Since mobile devices started phasing out PCs nearly half a decade ago, the giant Computex Taipei computer show has struggled for attention-grabbing themes. It’s not supposed to be a mobile device exhibition even though the market is moving that way. But now PCs are oozing back into style after sharp sales declines because Microsoft has cut support for its Windows XP, prompting consumers especially in business to buy hardware that runs on a newer operating system.
When Computex Taipei 2014 opens in the first week of June, computer developers can again shine a light on their latest notebooks or desktops instead of pretending that they’ve pushed PCs aside to fight tiny shares of the world tablet and smartphone markets. Taiwanese players such as Acer, Asustek, MSI and Quanta Computer will have nothing to hide. Ditto for Hewlett-Packard, Toshiba and Dell, which has said all along it expects PC shipments to stay steady.
Still, PCs will crawl, not bounce, back into fashion. Some users have already switched from the 13-year-old XP to Windows 7 or 8. Others will cling to older models to keep using software that only XP supports. Common household users may just go with tablets. “Not every PC will be replaced,” says Tracy Tsai, research director with market research firm Gartner in Taipei. Switches to modern Windows systems “would happen gradually, not all of a sudden,” she says, and for PC vendors “it’s helpful, but not a huge thing.”
But corporate buyers who need to fill cubicle after cubicle with late-model PCs are waiting till prices to drop, possibly leading a buying spree in the third quarter. “The enterprises are waiting for a time when the costs are right for an upgrade,” says Eric Chiou, an analyst with hardware research firm WitsView in Taipei. Acer, Asustek and Hewlett-Packard will lead the field with notebooks or desktops as cheap as $249, Chiou says, with Dell and Lenovo coming later.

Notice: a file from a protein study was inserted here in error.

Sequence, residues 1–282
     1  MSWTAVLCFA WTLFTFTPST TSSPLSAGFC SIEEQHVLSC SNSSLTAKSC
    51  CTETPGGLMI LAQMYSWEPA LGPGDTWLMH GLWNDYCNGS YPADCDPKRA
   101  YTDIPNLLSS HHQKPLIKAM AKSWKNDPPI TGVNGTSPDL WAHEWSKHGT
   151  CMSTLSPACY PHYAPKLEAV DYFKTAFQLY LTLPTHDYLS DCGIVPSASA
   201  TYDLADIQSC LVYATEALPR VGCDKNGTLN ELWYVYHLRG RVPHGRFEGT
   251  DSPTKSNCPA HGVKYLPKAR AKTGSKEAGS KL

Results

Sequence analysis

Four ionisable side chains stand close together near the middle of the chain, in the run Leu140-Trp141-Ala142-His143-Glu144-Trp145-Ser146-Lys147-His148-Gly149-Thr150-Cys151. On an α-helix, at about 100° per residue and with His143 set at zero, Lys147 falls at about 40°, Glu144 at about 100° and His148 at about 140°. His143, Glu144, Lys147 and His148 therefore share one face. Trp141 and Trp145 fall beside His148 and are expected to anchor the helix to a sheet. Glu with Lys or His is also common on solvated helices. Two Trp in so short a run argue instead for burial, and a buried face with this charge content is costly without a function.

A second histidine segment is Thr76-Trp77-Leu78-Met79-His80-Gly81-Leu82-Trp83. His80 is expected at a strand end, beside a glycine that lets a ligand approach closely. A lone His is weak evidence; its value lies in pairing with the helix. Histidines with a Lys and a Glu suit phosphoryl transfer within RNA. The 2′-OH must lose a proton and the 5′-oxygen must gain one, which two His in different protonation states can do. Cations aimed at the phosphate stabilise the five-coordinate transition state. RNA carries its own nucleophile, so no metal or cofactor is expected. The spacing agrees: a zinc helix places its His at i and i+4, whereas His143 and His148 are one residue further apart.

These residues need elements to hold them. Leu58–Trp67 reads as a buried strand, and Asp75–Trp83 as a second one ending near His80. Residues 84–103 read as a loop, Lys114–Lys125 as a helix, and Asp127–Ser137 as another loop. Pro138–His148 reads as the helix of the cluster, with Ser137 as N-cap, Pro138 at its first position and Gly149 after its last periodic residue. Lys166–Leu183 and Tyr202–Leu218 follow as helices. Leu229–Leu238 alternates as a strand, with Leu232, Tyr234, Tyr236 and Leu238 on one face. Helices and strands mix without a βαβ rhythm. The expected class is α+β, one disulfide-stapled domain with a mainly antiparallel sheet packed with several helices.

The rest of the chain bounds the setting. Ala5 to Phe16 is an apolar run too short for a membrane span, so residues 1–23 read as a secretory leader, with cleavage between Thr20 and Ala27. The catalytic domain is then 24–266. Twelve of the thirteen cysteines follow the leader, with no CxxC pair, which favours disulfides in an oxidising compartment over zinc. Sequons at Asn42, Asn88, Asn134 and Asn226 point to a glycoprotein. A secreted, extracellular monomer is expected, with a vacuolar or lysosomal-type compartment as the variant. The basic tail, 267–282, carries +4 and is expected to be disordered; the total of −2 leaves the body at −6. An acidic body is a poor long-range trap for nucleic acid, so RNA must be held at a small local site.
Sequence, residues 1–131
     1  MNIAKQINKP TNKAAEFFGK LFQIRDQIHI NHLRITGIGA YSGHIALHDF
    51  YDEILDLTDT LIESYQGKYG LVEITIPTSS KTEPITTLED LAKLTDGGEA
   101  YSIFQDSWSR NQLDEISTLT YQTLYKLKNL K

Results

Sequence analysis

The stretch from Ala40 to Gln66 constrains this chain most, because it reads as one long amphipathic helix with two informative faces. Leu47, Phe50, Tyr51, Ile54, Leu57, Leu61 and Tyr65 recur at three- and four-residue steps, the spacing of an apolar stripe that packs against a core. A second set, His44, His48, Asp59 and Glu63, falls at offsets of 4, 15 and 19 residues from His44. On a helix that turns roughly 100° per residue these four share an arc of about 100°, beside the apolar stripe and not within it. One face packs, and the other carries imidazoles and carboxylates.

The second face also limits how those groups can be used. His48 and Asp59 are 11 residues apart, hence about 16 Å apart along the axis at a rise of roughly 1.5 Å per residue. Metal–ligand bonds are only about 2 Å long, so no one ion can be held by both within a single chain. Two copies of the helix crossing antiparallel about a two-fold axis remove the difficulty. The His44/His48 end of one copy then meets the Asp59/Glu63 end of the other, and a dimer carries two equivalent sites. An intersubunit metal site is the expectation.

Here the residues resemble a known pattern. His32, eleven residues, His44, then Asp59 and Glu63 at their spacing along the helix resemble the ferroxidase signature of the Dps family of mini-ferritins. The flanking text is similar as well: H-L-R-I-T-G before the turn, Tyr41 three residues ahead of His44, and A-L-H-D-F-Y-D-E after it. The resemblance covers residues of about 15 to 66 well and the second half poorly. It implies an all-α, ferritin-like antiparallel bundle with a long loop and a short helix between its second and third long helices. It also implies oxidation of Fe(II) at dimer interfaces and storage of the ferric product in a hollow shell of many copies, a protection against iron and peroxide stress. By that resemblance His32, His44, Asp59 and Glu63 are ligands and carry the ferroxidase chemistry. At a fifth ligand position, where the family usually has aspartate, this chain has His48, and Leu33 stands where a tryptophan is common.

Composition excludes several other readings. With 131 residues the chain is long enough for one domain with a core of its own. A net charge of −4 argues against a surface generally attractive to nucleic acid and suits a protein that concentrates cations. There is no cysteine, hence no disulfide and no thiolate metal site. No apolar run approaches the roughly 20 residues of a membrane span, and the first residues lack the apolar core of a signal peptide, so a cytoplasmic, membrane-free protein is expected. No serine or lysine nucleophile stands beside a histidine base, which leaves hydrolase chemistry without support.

Global PC shipments will change little this year from last, Gartner forecasts. Shipments fell just 1.7% to 76.6 million units in the first quarter of 2014 compared to the same span in 2013, its data shows. The sector posted a 6.9% decline between the fourth quarters of 2012 and 2013. Fellow market research firm IDC is calling for a 6.1% fall in PC sales this year, better than its finding of a 9.8% decline last year.
Tablet sales are also slowing, per IDC’s forecast for 19.4% shipment growth this year versus 51.6% in 2013. But they’re not going away, so developers such as Asustek and Hewlett-Packard are using hybrid tablet-notebook models as a hedge. Because of their novelty and potentially broad appeal, those two-in-one tools will stand out among the PCs shown at Computex next month as about 1,700 designers, manufacturers and suppliers meet 40,000 would-be buyers to compose the world’s second biggest computer expo after CeBIT in Germany.
The two-in-one devices are usually 11.6-inch, lightweight combos that let their masters type at home on a keyboard and take the monitor out of a dock for use as a tablet in cafés, offices or school libraries. Prices are easing to $350 per unit as developers add features, though some software such as Microsoft Office’s PowerPoint might work better on a standard PC. “These are for normal consumers,” Chiou says. “It’s about the weight and convenience.”